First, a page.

Here’s something beer and politics have in common — an endless debate over what’s most important in their product. For those of you who remember the two decade long advertising campaign for Miller Lite beer, the question argued was the beer was good because of “Great Taste” or because the brew was “Less Filling!” In politics you hear the debate centered around whether a candidate must be faithful to a party’s perceived principles or be centrist enough to get elected.

What brings this to mind was a couple of questions from the recent USC/L.A. Times poll that caught my attention. The questions dealt with which kind of candidate the Republican Party should put forward. Should the standard bearer be a conservative who can rally the base? Or should he or she be more centrist to capture crossover voters from the Democrats and Independents?

The pollsters found that registered Republicans and unaffiliated voters who said they would vote Republican were fairly evenly divided on the question. These voters were asked whether it was important that the Republican nominee for U.S. Senator or Governor be a “true conservative.”

While 20% found it Extremely Important and 26% said it was Very Important, 31% said it was only Somewhat Important and another 20% said it was Not At All Important.

As to whether the party should nominate a conservative candidate or a centrist the Republican and unaffiliated voters who plan to vote Republican were again divided. Conservatives candidates gained 42% in the poll; centrists corralled 46%.

The Republican pollster, Linda DiVall, who worked up the numbers in partnership with a Democratic pollster, said she was surprised with the result. As someone from outside California she said the reputation of California Republican voters is that of a conservative lot. Her impression may be gained from the image portrayed by the outspoken activists in the party. However, polling over the years indicates the rank and file Republican voters tend to be more pragmatic and the poll results came as no surprise to those who studied polling of California Republicans over the years.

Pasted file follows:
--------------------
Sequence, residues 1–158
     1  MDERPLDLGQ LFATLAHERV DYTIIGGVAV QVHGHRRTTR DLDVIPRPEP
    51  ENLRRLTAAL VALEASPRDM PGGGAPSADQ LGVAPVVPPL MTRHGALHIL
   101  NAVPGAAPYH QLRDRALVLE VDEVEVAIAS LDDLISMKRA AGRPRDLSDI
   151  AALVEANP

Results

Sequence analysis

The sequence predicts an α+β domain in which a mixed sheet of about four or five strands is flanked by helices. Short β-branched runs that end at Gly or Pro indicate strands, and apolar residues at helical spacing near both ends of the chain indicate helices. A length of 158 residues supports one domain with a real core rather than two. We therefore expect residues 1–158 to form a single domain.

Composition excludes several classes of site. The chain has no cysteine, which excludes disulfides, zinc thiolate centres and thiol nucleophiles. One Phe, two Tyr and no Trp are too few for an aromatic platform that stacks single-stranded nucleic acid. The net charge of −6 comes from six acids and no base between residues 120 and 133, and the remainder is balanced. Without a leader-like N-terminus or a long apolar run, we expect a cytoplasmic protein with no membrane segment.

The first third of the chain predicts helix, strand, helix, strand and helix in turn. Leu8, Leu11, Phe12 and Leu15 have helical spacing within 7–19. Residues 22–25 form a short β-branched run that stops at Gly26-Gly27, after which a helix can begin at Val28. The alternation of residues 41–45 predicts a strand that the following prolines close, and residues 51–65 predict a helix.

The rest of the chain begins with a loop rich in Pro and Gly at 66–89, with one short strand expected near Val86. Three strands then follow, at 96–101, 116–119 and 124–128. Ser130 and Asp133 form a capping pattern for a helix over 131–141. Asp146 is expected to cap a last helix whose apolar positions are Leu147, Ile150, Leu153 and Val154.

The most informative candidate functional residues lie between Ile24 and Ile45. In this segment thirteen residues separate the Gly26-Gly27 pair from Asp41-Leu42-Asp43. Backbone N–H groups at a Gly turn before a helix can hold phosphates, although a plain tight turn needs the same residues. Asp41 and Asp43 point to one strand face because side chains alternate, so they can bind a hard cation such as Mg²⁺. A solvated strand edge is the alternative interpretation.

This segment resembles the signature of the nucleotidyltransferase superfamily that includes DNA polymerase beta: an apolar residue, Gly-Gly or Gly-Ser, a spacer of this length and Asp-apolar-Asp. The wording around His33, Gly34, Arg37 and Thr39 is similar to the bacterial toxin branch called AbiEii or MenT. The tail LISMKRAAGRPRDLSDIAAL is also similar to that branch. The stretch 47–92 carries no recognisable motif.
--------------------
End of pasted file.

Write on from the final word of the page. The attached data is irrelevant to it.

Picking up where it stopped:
The issues raised by the poll intrigued me because almost one year ago, I wrote on this page about the constant battle between the effort to be conservatively pure on the one hand, or to be flexible enough to appeal to the middle and win elections on the other. That column generated a number of comments on both sides of the divide.

A number of Republicans want nothing to do with the “big tent” philosophy of including Republicans of different stripes. They expect unity on certain issues and happily say good riddance to those Republicans who don’t agree and are labeled RINOs (Republicans in Name Only).

Others point out that winning candidates are often chosen by voters in the middle and centrist candidates appeal to these voters. If a splintered party cannot appeal to the middle can they field a winning candidate?

This debate does not apply only to Republicans. The progressive website Calitics continuously complained that there was no leftist alternative to Jerry Brown in the Democratic gubernatorial primary. Now former founding executive director of, Peter Schurman, has declared his intent to run a grassroots campaign against Brown pledging to campaign “on our principles.”

Holding on to principle over winning is important to many party loyalists. Indeed, they argue that embracing principle is the only way to win.

Dan Schnur, Director of the Jesse Unruh Institute of Politics at USC, said the debate is endless because it will always be inconclusive.

Which probably means the debate will pop up at just about every primary election into the foreseeable future.